Alternatively, the Corps suggests that the Court may determine that withholding was appropriate under exemption 5 merely because the Corps discussed the information either internally or with its consultant, the Maryland Department of Environment. See Def.'s Mem. at 12. Not so. The deliberative process privilege does not generally shield purely factual information from disclosure. See Judicial Watch, Inc. v. Dep't of Justice, 365 F.3d 1108, 1113 (D.C. Cir. 2004). Nor does it shield information that the agency fails to place within a particular decisionmaking context. See Judicial Watch, Inc. v. U.S. Postal Serv., 297 F. Supp. 2d 252, 265-66 (D.D.C. 2004). By not offering anything beyond the most conclusory statements, the Corps has not carried its burden of demonstrating that exemption 5 applies.
Many of the Corps's exemption 7 claims are similarly deficient. For example, the Corps seeks to withhold numerous documents comprising investigation materials that are now "in the hands of the actual targets of the investigation and their agents." Pl.'s Reply in Supp. of its Cross Motion for Summ. J. ("Pl.'s Reply") [Docket Entry 21], at 4. The Corps withholds these documents on the grounds that "[r]elease of the documents in these files would interfere with these investigations and jeopardize the unresolved enforcement actions. . . . Based upon my 20 years of enforcement experience, individuals have been deterred from providing information to the Corps when their identity and information provided was released to the public." First Zelen Decl. at ¶ 10. But despite the promise of Ms. Zelen's experience, the Corps does not explain how its investigation will be impaired by the release of information that the targets of the investigation already possess. See Campbell v. Dep't of Health and Human Servs., 682 F.2d 256, 265 (D.C. Cir. 1982) (agency faces high burden to justify withholding investigation records requested by third party when target of investigation already possesses them). This blithe attempt to fulfill its FOIA obligations typifies the Corps' approach to many of the exemption 7 claims.
The Corps's summary judgment submissions demonstrate a reflexive attitude of non-disclosure. Such an approach is anathema to the President's directive that "[a]ll agencies should adopt a presumption in favor of disclosure, in order to renew their commitment to the principles embodied in FOIA." 74 Fed. Reg. 4683, at 4683 (Jan. 26, 2009). And it fails to abide with consistent precedent requiring detailed explanations of why each claimed exemptions is relevant to, and correlated with, the withheld records. See Morley, 508 F.3d at 1122. Accordingly, the Court will not grant summary judgment in the Corps of Engineer's favor.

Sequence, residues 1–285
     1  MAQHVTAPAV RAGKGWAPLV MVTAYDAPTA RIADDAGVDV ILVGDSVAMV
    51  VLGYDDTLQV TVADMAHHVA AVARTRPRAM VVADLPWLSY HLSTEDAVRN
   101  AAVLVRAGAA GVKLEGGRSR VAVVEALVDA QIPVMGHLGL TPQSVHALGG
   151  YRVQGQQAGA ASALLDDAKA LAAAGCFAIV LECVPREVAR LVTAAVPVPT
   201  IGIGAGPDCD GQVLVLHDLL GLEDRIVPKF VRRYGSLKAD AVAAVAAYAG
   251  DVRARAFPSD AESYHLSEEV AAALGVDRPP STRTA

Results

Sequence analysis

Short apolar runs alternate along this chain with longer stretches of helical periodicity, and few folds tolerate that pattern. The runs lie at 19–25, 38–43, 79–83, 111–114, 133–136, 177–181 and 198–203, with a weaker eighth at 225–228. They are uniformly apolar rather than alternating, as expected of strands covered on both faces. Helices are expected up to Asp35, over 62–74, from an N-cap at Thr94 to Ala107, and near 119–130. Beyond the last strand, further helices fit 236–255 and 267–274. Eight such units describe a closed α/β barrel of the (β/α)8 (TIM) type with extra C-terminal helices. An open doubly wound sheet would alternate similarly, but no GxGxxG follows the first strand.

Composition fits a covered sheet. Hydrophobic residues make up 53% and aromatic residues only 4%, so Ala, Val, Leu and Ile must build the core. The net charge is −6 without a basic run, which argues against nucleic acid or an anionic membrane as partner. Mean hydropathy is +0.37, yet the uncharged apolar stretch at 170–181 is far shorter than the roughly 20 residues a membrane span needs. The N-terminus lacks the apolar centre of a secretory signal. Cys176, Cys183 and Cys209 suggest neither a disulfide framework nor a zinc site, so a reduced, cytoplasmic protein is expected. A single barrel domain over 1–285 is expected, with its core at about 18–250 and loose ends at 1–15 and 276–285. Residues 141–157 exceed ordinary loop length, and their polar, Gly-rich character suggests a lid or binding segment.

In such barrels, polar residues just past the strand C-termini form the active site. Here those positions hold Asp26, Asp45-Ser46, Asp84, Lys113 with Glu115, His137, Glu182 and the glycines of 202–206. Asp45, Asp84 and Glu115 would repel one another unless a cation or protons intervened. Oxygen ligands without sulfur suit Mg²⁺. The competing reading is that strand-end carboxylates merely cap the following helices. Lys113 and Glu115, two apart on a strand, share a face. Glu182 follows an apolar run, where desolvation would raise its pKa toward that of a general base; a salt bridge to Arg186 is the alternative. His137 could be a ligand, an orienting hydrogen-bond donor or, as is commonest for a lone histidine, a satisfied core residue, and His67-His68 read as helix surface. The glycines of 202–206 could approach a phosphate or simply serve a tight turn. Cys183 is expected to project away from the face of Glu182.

Nevertheless, the Court can imagine that the asserted justifications may be valid as to at least some of the withheld records. Accordingly, the Court will not grant summary judgment in CBF's favor at this time. Rather, if the Corps wishes to maintain its exemption claims, it must supplement its Vaughn index and declarations, adequately describing the records withheld and specifically detailing how the claimed exemptions apply to the withheld information. The Corps must pay particular attention to ensure that the asserted justification actually supports the claimed exemption. Without these additional submissions, the Court -- and CBF -- will continue to labor under an "'asymmetrical distribution of knowledge' where the agency alone possesses, reviews, discloses, and withholds the subject matter of the request." Judicial Watch, Inc. v. Food & Drug Admin., 449 F.3d at 146. And the Corps will be unable to meet its burden "to establish [its] right to withhold information from the public." Coastal States, 617 F.2d at 861.
To the extent that the Corps continues to withhold information, it must also ensure that it produces all non-exempt and reasonably segregable information from the withheld records. See Stolt-Nielson Transp. Group Ltd. v. United States, 534 F.3d 728, 733-34 (D.C. Cir. 2008) ("[T]he focus of FOIA is information, not documents, and an agency cannot justify withholding an entire document simply by showing that it contains some exempt material."); Oglesby v. Dep't of the Army, 79 F.3d 1172, 1178 (D.C. Cir. 1996). Although the Corps asserts that "[a] review of Defendant's declarations and attached exhibits reveals that Defendant carefully reviewed the information and confirms that all reasonably segregable, non-exempt material has been released," Def.'s Mem. at 14, it provides no evidence to support this assertion.*fn1 The Corps, then, asks the Court to take on faith that it has fulfilled this obligation. The Court declines to do so. The Corps must supply the Court with the necessary tools to perform a review of segregability -- this includes not only a detailed justification of the reasons for withholding information, but also a description of the document from which the information was redacted. See Mead Data Cent., Inc., 566 F.2d at 260-61; see also Stolt-Nielson Transp. Group Ltd., 534 F.3d at 734.
For the foregoing reasons, the parties' cross motions for summary judgment are denied without prejudice. Because the Corps's Vaughn submissions are inadequate, it must supplement these submissions. A separate order will be issued on this date.